Under Section 54, taxpayer has to either purchase or construct one residential house for the purpose of his own residence, within the prescribed period.
Assuming that you are a tax resident of India for the financial year 2017-18, your global income is taxable in India.An HUF (which consists of myself, my wife and my two daughters) sold a non-agricultural land recently. The land was purchased in 2010. Is there any exemption benefit available to HUF?
– Mukesh Kumar
Section 54B of the I-T Act provides for exemption from long-term capital gains tax on transfer of land used for agricultural purposes (for at least two years prior to the date of transfer), subject to fulfillment of certain conditions. The said exemption is also available to the HUF. One of the important conditions is that the capital gains should be reinvested in the purchase of agricultural land in the next two years.
I received fees from a client in the US after deduction of tax (30%). Will such fees be taxable in India. If yes, will I get the credit of taxes deducted by client?
Assuming that you are a tax resident of India for the financial year 2017-18, your global income is taxable in India. Thus, the fees received by you from a US based client shall be subject to tax in India. In order to avoid the double taxation, you will be granted the foreign tax credit of taxes withheld in the US. However, where US tax actually levied is in excess of the rate specified under Article 12, the amount eligible for tax credit will remain confined to the amount computed on the basis of the rate prescribed under the India-US tax treaty, i.e., 15%. Further, the amount of foreign tax credit shall be restricted to the amount of tax payable on such income in India.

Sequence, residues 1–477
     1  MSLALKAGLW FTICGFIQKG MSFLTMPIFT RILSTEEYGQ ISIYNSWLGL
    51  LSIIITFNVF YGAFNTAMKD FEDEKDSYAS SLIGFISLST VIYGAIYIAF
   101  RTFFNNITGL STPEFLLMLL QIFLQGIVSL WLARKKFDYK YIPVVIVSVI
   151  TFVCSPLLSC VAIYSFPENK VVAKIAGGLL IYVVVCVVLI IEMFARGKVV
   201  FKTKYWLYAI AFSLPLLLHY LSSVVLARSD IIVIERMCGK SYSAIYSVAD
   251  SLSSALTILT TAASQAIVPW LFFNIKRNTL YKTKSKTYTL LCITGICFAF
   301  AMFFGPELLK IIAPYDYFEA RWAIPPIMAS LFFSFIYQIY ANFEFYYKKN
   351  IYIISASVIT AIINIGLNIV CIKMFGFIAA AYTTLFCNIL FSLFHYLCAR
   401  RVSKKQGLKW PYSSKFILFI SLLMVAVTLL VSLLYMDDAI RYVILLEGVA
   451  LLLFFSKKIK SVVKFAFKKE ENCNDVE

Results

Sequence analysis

After purchasing a house property out of the cash gifted by my husband, I sold it and bought 25% share in another house owned by a distant relative. Will this purchase be sufficient to claim exemption under Section 54.
Under Section 54, taxpayer has to either purchase or construct one residential house for the purpose of his own residence, within the prescribed period. The section is silent on the issue as to whether mere purchase of interest in a residential house is sufficient, provided all other conditions are fulfilled, to claim exemption. However, it can be inferred that when the Act enables tax exemption in respect of purchase or construction of a residential house, purchase or construction of a portion of the house should also enable exemption. It is possible that a person may not be able to buy the entire residential house. Section 54 should not be interpreted in a manner which would disentitle the taxpayer to claim the exemption. This view is supported by a judgment delivered by the Gujarat High Court.
The writer is the founder of RSM Astute Consulting Group. Send your queries to firstname.lastname@example.org